U Car Finance: Electric Car Vs Best Economical Petrol & Diesel Car
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Electric Car Vs Best Economical Petrol/Diesel Car

Electric Car Vs Best Economical Petrol/Diesel Car
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Electric Car Vs Best Economical Petrol/Diesel Car

Electric cars or economical petrol/diesel internal combustion engine cars—which one is better? Electric cars were in their heydey back in 1900, but a giant rise in petrol engine cars, accompanied by battery technology inefficiencies killed electric cars by 1920. However, with recent improvements in battery technology and power electronics, electric cars have made a strong comeback. We will compare these totally different technologies carefully as well as scientifically, and come to understand which one is better to start off a luxurious ride.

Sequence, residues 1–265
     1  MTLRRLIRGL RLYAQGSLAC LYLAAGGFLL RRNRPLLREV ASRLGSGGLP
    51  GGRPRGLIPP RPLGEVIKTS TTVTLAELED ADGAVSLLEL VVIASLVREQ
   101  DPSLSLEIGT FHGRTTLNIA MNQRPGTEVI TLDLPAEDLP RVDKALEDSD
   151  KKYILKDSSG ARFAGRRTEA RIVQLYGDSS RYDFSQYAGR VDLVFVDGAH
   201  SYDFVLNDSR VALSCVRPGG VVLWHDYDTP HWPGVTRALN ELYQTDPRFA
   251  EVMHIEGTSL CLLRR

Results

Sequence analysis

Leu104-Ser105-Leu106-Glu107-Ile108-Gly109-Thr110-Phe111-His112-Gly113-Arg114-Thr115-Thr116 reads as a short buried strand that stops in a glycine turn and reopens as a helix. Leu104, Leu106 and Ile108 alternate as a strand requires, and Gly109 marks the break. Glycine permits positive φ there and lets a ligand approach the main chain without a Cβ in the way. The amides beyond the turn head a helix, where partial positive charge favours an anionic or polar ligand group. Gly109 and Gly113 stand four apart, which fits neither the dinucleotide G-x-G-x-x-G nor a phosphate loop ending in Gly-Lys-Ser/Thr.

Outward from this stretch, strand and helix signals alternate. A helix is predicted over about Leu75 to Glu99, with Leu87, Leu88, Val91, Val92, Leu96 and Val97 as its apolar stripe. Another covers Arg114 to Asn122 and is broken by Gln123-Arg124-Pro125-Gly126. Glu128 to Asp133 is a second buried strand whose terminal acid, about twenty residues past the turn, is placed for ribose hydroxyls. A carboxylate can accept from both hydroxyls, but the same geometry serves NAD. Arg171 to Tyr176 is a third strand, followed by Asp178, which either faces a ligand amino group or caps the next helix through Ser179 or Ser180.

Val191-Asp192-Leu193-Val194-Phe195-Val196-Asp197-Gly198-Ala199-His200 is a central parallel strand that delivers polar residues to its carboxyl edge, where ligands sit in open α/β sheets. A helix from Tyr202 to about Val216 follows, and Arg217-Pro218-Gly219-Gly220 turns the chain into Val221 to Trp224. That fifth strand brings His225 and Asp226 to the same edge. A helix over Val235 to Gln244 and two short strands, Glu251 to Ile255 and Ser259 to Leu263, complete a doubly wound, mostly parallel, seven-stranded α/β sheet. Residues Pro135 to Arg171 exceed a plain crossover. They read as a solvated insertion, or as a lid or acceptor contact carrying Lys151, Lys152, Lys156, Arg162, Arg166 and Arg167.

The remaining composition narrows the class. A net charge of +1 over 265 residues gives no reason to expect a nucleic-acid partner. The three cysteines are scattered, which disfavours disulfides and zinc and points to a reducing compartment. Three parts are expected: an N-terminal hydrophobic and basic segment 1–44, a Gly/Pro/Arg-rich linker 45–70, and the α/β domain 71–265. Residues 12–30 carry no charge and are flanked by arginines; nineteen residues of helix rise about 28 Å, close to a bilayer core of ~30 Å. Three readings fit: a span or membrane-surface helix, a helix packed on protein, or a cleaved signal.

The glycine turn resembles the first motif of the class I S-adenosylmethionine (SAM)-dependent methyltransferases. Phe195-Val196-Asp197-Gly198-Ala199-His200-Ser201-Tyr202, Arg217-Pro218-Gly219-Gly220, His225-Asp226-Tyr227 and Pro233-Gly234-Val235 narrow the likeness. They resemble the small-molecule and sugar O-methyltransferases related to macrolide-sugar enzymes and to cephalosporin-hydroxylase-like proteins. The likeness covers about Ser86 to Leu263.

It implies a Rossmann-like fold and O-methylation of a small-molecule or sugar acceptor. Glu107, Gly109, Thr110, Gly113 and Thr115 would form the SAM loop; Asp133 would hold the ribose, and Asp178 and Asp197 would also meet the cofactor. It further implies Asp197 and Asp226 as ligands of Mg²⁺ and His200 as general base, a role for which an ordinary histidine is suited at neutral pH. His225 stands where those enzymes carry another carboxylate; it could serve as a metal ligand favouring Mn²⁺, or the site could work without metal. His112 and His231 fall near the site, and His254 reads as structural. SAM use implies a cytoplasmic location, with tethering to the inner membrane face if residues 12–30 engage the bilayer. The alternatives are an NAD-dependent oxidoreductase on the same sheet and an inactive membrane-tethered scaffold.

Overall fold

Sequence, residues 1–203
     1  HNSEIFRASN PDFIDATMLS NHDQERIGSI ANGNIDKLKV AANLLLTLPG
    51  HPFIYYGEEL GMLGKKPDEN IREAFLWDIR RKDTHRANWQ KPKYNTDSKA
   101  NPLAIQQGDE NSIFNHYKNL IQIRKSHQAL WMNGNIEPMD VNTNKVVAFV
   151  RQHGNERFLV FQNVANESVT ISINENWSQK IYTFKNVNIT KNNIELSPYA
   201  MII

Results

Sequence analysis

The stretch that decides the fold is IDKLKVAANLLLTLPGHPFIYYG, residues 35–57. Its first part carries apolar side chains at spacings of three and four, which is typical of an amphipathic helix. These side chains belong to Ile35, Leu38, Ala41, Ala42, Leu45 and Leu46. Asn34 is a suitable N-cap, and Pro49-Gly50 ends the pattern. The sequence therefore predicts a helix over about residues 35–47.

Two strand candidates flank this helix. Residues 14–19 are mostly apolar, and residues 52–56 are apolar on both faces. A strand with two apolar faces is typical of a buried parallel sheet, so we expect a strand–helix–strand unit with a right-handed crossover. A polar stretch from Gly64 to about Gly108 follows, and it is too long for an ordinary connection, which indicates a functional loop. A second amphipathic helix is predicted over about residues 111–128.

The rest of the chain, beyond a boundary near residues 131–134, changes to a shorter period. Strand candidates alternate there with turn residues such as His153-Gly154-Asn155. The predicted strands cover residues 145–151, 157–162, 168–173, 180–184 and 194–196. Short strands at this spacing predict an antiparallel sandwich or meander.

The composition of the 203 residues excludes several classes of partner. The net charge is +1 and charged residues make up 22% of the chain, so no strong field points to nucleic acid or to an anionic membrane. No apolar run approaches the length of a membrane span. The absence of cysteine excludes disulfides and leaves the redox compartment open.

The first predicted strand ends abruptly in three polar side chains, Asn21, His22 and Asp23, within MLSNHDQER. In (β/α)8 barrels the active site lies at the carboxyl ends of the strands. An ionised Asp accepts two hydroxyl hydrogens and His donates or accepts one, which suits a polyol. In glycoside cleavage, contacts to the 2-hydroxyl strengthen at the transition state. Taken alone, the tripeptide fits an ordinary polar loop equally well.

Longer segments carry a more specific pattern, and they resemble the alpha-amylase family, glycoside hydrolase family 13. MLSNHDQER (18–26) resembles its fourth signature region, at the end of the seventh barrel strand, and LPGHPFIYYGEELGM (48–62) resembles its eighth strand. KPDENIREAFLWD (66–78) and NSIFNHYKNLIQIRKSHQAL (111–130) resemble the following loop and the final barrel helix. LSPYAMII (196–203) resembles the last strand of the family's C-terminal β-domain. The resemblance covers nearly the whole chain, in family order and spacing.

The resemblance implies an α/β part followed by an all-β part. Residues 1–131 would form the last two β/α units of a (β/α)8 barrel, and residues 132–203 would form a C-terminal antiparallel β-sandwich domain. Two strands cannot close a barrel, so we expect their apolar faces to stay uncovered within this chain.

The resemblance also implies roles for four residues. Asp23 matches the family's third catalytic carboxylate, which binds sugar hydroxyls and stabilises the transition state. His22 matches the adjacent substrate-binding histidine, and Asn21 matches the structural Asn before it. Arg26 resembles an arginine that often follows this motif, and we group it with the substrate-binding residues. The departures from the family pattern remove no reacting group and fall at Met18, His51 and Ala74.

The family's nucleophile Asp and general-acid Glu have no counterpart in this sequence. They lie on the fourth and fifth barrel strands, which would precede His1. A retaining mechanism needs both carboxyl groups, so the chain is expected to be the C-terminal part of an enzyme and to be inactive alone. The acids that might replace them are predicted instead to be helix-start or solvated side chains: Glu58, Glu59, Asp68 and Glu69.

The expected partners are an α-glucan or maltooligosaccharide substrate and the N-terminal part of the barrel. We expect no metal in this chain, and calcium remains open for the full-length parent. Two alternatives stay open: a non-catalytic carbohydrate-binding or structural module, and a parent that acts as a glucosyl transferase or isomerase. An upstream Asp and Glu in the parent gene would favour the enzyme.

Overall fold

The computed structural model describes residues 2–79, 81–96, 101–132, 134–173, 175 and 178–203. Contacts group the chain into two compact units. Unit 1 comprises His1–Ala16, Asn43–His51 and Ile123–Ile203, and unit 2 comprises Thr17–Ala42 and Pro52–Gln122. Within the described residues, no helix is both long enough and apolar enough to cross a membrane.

Here we go:

Electric cars may be considered as the friendly cars ever of the planet and a cheap option for environmentally-conscious drivers, but will these cars care your pocket? will they care higher than the average purchase price and charging costs?

We are comparing the costs of buying and fuelling an economical petrol/diesel car and electric cars like Nissan Leaf, Tesla(model s and x) to show you which car is the best saving option for a normal person. The first-hand experience and benefits of owning an electric car particularly the Nissan Leaf or Tesla.

The 100% Electric Nissan Leaf